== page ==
In the kitchen, a wiry crew is sweating over the pots, shoulders hunched with the pressure. "Even working in a mac and cheese restaurant, I think I've lost 5 pounds since we opened," laughs co-owner Erin Wade. Less than a week after opening their doors on Valentine's Day, Wade and her co-owner Allison Arevalo are still getting their systems down, gearing up for an all-day schedule that will see them dishing up from 11am to 9pm from Tuesday through Thursday (and Sunday) and from 11am to 10pm on Friday and Saturday.
Like the crew at Sacred Wheel, Arevalo and Wade have made Homeroom into a community affair; with the help of their husbands and friends, they did much of the space's renovation themselves, giving the big, open space a sweet and quirky feel that's almost kitschy, but not quite. The chunky red coffee mugs, decorated with the Homeroom logo, are instantly covetable; the old-fashioned library card catalog, now a repository for customers' "buy 10 get one free" cards, is a nice touch, even if few of the 20something patrons here would remember ever using a card catalog for real. Still, there's no denying the moneymaking appeal of cheesy-good nostalgia, especially with beer and without homework.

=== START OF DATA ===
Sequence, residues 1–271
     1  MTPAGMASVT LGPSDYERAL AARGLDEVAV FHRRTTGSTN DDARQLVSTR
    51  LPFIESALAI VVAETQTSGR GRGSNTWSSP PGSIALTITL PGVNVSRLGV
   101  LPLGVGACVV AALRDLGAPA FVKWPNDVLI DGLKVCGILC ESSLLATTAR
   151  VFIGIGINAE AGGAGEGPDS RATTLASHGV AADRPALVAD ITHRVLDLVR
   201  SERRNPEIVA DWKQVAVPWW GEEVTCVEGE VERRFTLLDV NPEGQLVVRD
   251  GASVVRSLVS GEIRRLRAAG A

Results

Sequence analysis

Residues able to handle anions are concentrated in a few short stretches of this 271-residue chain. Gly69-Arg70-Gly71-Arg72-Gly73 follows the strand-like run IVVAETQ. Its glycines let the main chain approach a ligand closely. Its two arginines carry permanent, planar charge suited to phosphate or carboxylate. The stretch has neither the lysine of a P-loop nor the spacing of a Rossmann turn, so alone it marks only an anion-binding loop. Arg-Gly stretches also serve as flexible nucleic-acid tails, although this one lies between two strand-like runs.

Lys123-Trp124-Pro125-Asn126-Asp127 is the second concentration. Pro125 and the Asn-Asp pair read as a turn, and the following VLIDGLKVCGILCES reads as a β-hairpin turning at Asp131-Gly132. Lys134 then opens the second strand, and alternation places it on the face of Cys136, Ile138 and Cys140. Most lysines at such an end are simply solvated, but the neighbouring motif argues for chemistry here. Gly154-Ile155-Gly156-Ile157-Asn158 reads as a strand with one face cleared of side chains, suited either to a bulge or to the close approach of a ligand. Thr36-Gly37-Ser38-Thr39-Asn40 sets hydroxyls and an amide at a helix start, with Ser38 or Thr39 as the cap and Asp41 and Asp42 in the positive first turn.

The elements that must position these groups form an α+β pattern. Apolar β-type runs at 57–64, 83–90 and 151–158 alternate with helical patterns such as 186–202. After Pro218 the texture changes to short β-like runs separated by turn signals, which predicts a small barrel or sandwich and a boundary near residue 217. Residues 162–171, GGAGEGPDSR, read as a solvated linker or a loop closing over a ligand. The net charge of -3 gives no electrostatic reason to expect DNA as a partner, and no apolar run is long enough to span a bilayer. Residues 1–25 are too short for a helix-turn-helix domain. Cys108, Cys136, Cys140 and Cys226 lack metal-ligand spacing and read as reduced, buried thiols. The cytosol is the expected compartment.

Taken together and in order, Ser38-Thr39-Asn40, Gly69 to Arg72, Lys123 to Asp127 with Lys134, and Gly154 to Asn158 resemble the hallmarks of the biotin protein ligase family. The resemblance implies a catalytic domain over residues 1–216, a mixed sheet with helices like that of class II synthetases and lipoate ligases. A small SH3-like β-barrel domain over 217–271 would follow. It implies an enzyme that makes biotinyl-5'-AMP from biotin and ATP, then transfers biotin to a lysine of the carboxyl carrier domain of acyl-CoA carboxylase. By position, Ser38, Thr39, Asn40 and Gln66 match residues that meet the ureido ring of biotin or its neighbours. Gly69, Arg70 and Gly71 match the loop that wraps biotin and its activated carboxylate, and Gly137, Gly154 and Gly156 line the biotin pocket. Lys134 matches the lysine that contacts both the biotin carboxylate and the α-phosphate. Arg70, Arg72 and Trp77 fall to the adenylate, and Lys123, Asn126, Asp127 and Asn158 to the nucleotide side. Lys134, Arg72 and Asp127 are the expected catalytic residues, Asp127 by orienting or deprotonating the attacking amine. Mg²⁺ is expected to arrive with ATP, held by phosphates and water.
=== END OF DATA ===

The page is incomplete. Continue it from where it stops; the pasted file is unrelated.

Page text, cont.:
The only thing missing? Some no-nonsense lunch ladies to keep the din down.